Previous article in this series: October 15, 2018, p. 36.

The history of the church in the old dispensation has been aptly likened to birth pangs. “For pangs have taken thee as a woman in travail,” said Micah the prophet. “Be in pain, and labour to bring forth, O daughter of Zion, like a woman in travail: for now shalt thou go forth out of the city, and thou shalt dwell in the field, and thou shalt go even to Babylon; there shalt thou be delivered; there the Lord shall redeem thee from the hand of thine enemies” (Micah 4:9, 10).

Interestingly, Micah spoke those words more than a hundred years before Nebuchadnezzar ever set foot in Judah. Assyria at that time, rather than Babylon, was at the height of its power. But the prophet was given to see what the future held. Grievous trouble there would be, trouble that would shake even the bravest of men. Ejected from their own country, they would be wanderers in strange lands, led away even to Babylon, to die there.

But will all hope be gone? No, because God will yet be true to His word. To strengthen the minds of the faithful, Micah gives hope of deliverance. There, in Babylon, thou shalt be delivered. There, in Babylon, where all hope will seem to be cut off, the Lord shall redeem thee from the hand of thine enemies.

Yes, Babylon will fall. And God’s people will be delivered.

To what reality did the prophet speak? To the conquest of Babylon by Cyrus, to be sure, and to the decree of Cyrus that Jerusalem be built and the foundation of the temple be laid (Is. 44:28). But there is more.

Cyrus’ conquest of Babylon did not result in the destruction of that mighty city. Babylon continued for some time as a city of strength and beauty. But that it would eventually fall was a certainty, for its destruction had been predicted in prophecy by both Isaiah and Jeremiah. According to Isaiah, “Babylon, the glory of kingdoms, the beauty of the Chaldees’ excellency, shall be as when God overthrew Sodom and Gomorrah” (Is. 13:19). So complete would be its ruin. Jeremiah predicted that “the broad walls of Babylon shall be utterly broken, and her high gates shall be burned with fire” (Jer. 51:58). “Babylon shall become heaps” (51:37), Jeremiah said, and will be “a desolation without an inhabitant” (v. 29).

Indeed Babylon must fall; for in Scripture that city has been made to represent the very heart of the antichristian world-power that oppresses the saints of God. The destruction of that city, then, because of its symbolic importance, is the hope of the people of God. “Babylon is fallen, is fallen” we read in the prophecy of Isaiah (21:9), who wrote as if the destruction of the city were already an accomplished fact. “Babylon is fallen, is fallen,” we read in Revelation 14:8, where the angel spoke as if the dominion of Antichrist had already been broken.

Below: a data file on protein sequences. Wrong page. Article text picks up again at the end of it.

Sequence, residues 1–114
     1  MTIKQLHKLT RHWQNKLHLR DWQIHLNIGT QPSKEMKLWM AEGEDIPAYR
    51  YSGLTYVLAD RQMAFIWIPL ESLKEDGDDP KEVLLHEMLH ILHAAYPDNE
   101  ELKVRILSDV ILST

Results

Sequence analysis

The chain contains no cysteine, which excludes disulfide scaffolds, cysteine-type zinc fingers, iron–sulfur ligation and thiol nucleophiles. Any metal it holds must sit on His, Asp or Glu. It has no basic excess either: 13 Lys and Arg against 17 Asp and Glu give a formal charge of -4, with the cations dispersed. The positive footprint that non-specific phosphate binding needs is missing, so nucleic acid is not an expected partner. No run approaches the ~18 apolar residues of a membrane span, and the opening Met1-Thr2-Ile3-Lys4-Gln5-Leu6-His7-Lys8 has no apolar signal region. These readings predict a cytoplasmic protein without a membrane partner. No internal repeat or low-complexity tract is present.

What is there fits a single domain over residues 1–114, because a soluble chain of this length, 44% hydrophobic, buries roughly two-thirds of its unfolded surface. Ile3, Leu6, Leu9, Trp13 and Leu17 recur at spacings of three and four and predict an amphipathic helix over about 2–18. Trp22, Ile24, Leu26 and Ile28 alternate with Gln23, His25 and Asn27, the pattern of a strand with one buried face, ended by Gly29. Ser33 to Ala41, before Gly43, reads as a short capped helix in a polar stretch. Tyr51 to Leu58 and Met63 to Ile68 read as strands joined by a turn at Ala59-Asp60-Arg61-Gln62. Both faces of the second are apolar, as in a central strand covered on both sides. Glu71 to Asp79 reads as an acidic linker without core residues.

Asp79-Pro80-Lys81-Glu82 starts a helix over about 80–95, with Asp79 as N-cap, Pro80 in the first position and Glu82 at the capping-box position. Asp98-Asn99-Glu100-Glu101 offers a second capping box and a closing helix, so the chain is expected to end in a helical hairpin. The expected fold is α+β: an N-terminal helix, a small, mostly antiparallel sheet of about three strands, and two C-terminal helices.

And Babylon did fall. About twenty years after its conquest by Cyrus, the Babylonians rebelled against the Persians. Darius (not the Darius of Daniel 6) put down the revolt and, to punish the Babylonians, he removed the brazen gates and destroyed the walls of the city. A second revolt, about forty years later, brought another Persian king, Xerxes, who wrought further destruction in the city.

With the destruction of its walls, the might of Babylon was permanently broken. The prophecy concerning the fall of Babylon, then, was in a sense already fulfilled. But it is interesting to note that, though life continued in Babylon for many years thereafter (see I Pet. 5:13), the city was eventually forsaken and left desolate. According to Fairbairn’s Bible Encyclopedia, the present ruins of Babylon consist of “vast mounds of earth and brick” and “heaps of sun-dried and kiln-dried bricks.” Those heaps, about fifty miles south of modern Baghdad in Iraq, must certainly be a reminder of the prophecy of Jeremiah (51:37). Fairbairn adds, incidentally, that, after the destruction of those massive walls, “the ruins have been a never-failing brickfield, city after city being built from its materials.” The modern town of Hillah (about six miles from the site of ancient Babylon), he continues, “was built from Babylonian materials, and I dare say, there is not a single room where a brick might not be seen stamped with the name of Nebuchadnezzar.” Apart from that, however, all that remains of the once mighty Babylon is…heaps.